The management approach adopted by the authorities in the case of Samadai Reef presents one of the best available examples of the adoption of a precautionary approach to whale watching. In 2004 very little precise information was available about the population of dolphins or the exact nature of the impacts of the swimming tourism on their well-being.  However authorities used common sense to surmise that the large number of tourists and unregulated contact with the dolphins had the potential to cause harm.  A conservative management approach was implemented, using almost every regulatory tool available3, and 13 years later, the approach is proving to have many strengths:

  • Swift action by authorities, who reached out to the research community for help, resulted in the almost immediate shift from an uncontrolled, potentially harmful swim-with dolphin industry to a carefully controlled and well monitored practice.  The imposition of a complete suspension of all activities prior to the introduction of the new management scheme may have helped to re-set the clock and make operators realize that there would be no returning to ‘business as usual’.
  • The new management scheme included a mechanism to fund monitoring and enforcement. This is often the aspect of management that is most lacking in whale-watching locations around the globe. The allocation of surveillance vessels and the necessary personnel to conduct monitoring activities is expensive, but essential to the success of any government imposed management scheme.
  • The dolphin population and swim-with-dolphin activities have also been monitored by researchers over the years. Studies have generally concluded that the management scheme is working as it should with very few infractions3,4, and that the population appears to be stable and healthy, with no obvious signs of stress, decline, or movement away from the reef5,8.

While the successes of this approach should be celebrated, researchers and managers urge caution and recommend that:

  • Long-term monitoring and research continues to ensure that expansion of tourism or the cumulative effects of existing levels of tourism over time do not have long-term negative impacts to the spinner dolphins at Samadai reef or more broadly to cetaceans in the Egyptian Red Sea.5
  • Continuous monitoring should allow for adaptive management and adjustments to regulations, visiting hours, permits, or tourist numbers should the dolphins’ behaviour or status indicate that a change is required.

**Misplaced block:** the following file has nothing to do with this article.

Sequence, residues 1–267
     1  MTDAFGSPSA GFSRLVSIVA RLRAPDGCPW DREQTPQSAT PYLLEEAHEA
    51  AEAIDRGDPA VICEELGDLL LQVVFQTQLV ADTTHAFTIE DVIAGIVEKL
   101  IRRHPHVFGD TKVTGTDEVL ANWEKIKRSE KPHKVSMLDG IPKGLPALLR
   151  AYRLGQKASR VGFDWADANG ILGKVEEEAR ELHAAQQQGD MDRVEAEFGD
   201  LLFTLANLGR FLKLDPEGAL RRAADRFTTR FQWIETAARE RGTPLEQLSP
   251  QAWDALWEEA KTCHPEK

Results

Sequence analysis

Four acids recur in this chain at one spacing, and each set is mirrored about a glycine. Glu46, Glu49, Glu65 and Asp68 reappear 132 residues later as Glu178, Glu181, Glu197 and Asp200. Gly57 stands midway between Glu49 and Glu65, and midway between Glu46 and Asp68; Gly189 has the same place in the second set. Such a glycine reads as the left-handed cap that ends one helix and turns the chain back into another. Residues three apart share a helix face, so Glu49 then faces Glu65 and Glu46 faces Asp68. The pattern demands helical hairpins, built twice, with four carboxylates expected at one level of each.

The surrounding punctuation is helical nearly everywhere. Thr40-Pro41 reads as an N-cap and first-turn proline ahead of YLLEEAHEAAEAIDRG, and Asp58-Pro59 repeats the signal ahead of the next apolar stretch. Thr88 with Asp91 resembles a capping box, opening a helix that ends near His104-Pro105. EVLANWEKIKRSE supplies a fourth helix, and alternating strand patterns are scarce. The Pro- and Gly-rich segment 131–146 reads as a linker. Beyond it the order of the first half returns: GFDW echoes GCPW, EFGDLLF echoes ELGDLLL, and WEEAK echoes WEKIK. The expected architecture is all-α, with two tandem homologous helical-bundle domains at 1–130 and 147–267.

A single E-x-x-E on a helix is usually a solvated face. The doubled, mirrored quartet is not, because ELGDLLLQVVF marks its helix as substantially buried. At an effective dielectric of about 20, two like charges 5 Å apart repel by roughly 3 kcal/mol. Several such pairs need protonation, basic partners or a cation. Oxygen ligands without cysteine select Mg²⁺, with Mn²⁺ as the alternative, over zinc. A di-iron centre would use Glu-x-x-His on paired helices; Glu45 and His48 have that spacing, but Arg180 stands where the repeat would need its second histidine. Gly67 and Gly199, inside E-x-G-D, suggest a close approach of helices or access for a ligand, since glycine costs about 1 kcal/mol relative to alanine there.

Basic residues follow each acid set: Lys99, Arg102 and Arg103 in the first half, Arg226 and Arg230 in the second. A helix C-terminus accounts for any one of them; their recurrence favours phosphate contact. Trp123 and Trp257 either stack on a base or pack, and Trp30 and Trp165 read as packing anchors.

• Strengthen education and awareness raising about dolphin conservation needs in order to fully communicate the significance of this conservation initiative to all users.
  • Similar management measures could be put in place in other parts of the Egyptian Red Sea coastline, as there are many sites where dolphin-watching tourism is not as well-regulated as it is in Samadai, and there are serious concerns for the potential impacts on the affected dolphin populations9.

For more information about management of dolphin watching on Samadai Reef consult:

Hurghada Environmental Protection and Conservation Association HEPCA:

http://www.hepca.org/research/projects/protect-red-sea-dolphins

Panorama:  http://panorama.solutions/en/s...

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Referencias

Mostrar/Ocultar referencias
  1. Norris, K. S., Wursig, B., Wells, R. S. & Wursig, M. The Hawaiian spinner dolphin.  (University of California Press, 1994).
  2. Tyne, J. A., Johnston, D. W., Christiansen, F. & Bejder, L. Temporally and spatially partitioned behaviours of spinner dolphins: implications for resilience to human disturbance. Royal Society Open Science 4, doi:10.1098/rsos.160626 (2017).
  3. Notarbartolo di Sciara, G., Hanafy, M. H., Fouda, M. M., Affi, A. & Costa, M. Spinner dolphin (Stenella longirostris) resting habitat in Samadai Reef (Egypt, Red Sea) protected through tourism management. Journal of the Marine Biological Association of the United Kingdom 89, 211-216 (2008).
  4. Shawky, A. M. & Afifi, A. Behaviour of Spinner Dolphin at Sha'ab Samadai, Marsa Alam, Red Sea, Egypt. Egyptian Journal of Biology 10 (2008).
  5. Cesario, A. Population ecology of spinner dolphins (Stenella longirostris) in an offshore resting habitat in the Red Sea PhD thesis, Hong Kong University, (2016).
  6. Shawky, A. M., Alwany, M. A., Zakaria, S. & El-Etreby, S. G. Estimation of the abundance of the spinner dolphin Stenella longirostris using photo identification technique in Samadai Reef, Red Sea, Egypt. Catrina: The International Journal of Environmental Sciences 10, 61-73 (2015).
  7. Notarbartolo di Sciara, G. Samadai Dolphin House: considerations on a tourist impact mitigation plan. Report to the Egyptian Environmental Affairs Agency, Cairo, 13 (2003).
  8. Fumagalli, M. Conservation of the spinner dolphin in the Egyptian Red Sea PhD thesis, University of Otago, (2016).
  9. Notarbartolo di Sciara, G., Kerem, D. & Smeenk, C. Cetaceans of the Red Sea. 86 (Convention on Migratory Species, 2017).